JL: Oh how I long to flip paper between my fingers. Having started my career in animation with ACTUAL pencil to paper on the “Christmas Orange”. I really miss it. There’s nothing more appealing then flipping through an animated sequence. Watch the Bancroft Brothers you tube videos where they flip scenes from your childhood favorites and you will be able to drool with admiration. I do find it challenging to keep up with all the technology. Photoshop, Flash, Harmony, Maya, on and on. Like I said… lifetime student. You really need to love it.

GDG: Are there any artistic disciplines that you have a passion for?

JL: Storytelling: I’m not a writer but ask me to make up a story by the campfire and you’re in for a treat. Storytelling is the soul behind all animation, one walk through Pixar’s upstairs gallery with all the pre production art, will leave you in awe of these visual storytelling geniuses. Stop Motion: I love getting my hands dirty and sculpting. I truly love all things Laika and Aardman.

GDG: Is there a type of art that you’ve always wanted to learn?

JL: I love Children’s books. I have worked on many but I would love to take a more Mary Blair Approach to this. There is some that just soaks you in with all of her work. The is the visual story telling I want to learn.

GDG: What is your advice to aspiring women artists?

JL: Never give up. It is very easy for people to stop pursuing art, and especially animation. The dedication to being a lifelong student is very hard for some people. I’ve seen so many TALENTED artists give up while within a hands grasp of their goal.  Learn from those that came before us. Respect those that paved the way. Keep going, keep drawing, keep building that visual memory bank.

Leave a comment or question for Jennifer below.

Featured Artist: Mako Fufu

GDG: Where are you from and where do you live now? 

MF: I was born and raised in Buenos Aires, Argentina. I moved to the US in late 2012.
I lived in NY for a while, then in NC… and I may be relocating to a different state shortly (keep tuned!).

GDG: Could you give us a brief overview of your art background?

MF: I’m a self-taught artist, I always loved making art and I’ve been doing it since I was able to hold a crayon.
I’m very curious and eager to try and learn new things, so my portfolio is quite eclectic. I’ve been an Art Director for Video Games, Comic Artist, Painter, Muralist and Illustrator, among many *many* other works.

GDG: What are some of the jobs you have done professionally?

MF: Every new job taught me new things. I specially loved doing Concept Art and Character design for Video Games, It was a lot of fun, as I’ve got to explore different styles and ideas and do a lot of research and experimenting with my style and skills, it was fun and educational! That job eventually evolved to Art Director and although I didn’t get to draw so much anymore, it helped me improve my attention to detail and organizational skills… but… to be honest, I’ve been always been pretty OCD myself.

GDG: Has working around so many other GDG artists influenced your art style?

MF: I already had quite a rounded style when I’ve joined the group, but it’s nice to meet friends with the same interests and do projects with a common passion.

GDG: Where do you get your inspiration?

MF: I do watch a lot of TV, movies, listen to music, do an unhealthy amount of online research and travel as much as I can, so that gives me a lot of ideas and resources. But rather than sit down and be directly inspired by something specific (unless it’s commissioned work) I’ve found out that I do my best work when I look for the inspiration within myself, my emotions, my feelings and the things I want to say loudly but I can’t.


GDG: What has been the biggest moment of artistic inspiration and merit for you?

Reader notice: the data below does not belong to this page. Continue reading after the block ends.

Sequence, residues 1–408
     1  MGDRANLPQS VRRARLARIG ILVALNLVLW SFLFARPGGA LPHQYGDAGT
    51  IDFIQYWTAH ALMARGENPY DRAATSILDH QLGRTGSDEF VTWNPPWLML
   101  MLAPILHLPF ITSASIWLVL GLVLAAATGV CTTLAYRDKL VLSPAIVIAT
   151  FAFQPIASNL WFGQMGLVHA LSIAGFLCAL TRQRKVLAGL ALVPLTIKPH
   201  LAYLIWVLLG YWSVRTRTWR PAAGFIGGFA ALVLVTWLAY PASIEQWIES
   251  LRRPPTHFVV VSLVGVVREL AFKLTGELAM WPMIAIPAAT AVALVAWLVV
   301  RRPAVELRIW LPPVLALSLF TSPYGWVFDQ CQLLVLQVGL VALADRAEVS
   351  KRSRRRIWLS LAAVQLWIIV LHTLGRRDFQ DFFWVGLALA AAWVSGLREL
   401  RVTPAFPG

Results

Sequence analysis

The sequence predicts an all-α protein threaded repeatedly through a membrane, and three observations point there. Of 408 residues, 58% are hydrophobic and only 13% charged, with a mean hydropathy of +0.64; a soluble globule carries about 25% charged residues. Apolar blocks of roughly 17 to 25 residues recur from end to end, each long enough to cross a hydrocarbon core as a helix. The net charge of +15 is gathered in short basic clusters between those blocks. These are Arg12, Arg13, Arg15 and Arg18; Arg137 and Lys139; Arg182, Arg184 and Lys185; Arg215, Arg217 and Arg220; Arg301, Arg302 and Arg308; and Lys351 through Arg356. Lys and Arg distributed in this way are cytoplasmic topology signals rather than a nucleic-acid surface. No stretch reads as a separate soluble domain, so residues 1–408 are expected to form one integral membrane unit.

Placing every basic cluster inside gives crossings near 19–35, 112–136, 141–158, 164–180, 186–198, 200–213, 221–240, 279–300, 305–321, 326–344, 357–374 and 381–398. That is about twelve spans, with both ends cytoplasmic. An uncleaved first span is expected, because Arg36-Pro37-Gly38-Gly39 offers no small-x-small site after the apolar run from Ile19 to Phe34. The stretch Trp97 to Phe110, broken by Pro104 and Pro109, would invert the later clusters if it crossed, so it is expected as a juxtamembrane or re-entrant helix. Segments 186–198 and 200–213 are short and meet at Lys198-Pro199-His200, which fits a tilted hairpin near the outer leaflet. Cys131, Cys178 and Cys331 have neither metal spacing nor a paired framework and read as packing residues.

MF: I’m always inspired when I make some big changes (which usually include relocating somehow, but that’s another story) Regarding Artistic merit, my biggest moments were first when the US Government awarded with an “Alien of Extraordinary Ability” Visa in 2012 and later on “Alien of Extraordinary Ability” Green Card in 2016. Both came to me after a lifetime of working on my art, and saying the paperwork itself was really really REALLY though doesn’t even begin to describe how difficult and stressful (and expensive) that process was. But since the bar is set that high, (especially for the green card…. gosh) having my skill being recognized as “Extraordinary Ability” makes me extra proud and grateful.

GDG: If you are ever in a  ‘creative rut’, what helps?

MF: Doodling freely, going back to basics to what you enjoy doing in the moment… meaning doing whatever you enjoy, without judging its quality or value.

GDG: Do you have a preference between working with digital or traditional methods?

MF: I enjoy both on their own way. Traditional media makes me feel more connected to the work. It’s more challenging because there’s no Ctrl+Z, and it’s more difficult to photograph and reproduce as a print. I think part of my digital “disconnection” is based on the fact that I work with a regular non-screen type of tablet, I have to fix that. Digital gives me a cleaner result and it’s easier to share.

GDG: Are there any artistic disciplines that you have a passion for?

MF: I love painting, I use oils, acrylics and watercolors depending of my mood. I do play with sculpture every so often, I want to take some classes and get better so I can do art toys. I’m figuring out some photography to make my products look pretty on my shop, and I have to say I’m starting to have fun with it. I’m teaching myself 3D, I’ve done some tattooing, silk-screening, animation, video edition… I am very curious and I love learning new things, so I know at least the basics for a whole lot of things at this point!

GDG: Has working around so many women artists within GirlsDrawinGirls helped you find ways to express yourself?

MF: It has helped me to make some very good, very talented friends (and I’m an introvert so it’s kind of a big deal to me).

GDG: Based on your professional experiences, do you have any advice for aspiring young women artists?

MF: My advice is for artists in general… well, I’d say for people in general, in whichever endeavor they are passionate about in life: Practice, practice, practice! When in doubt, google. Always listen to your gut. But also, use common sense.

Leave a comment for Mako Fufu below, or get in touch through her website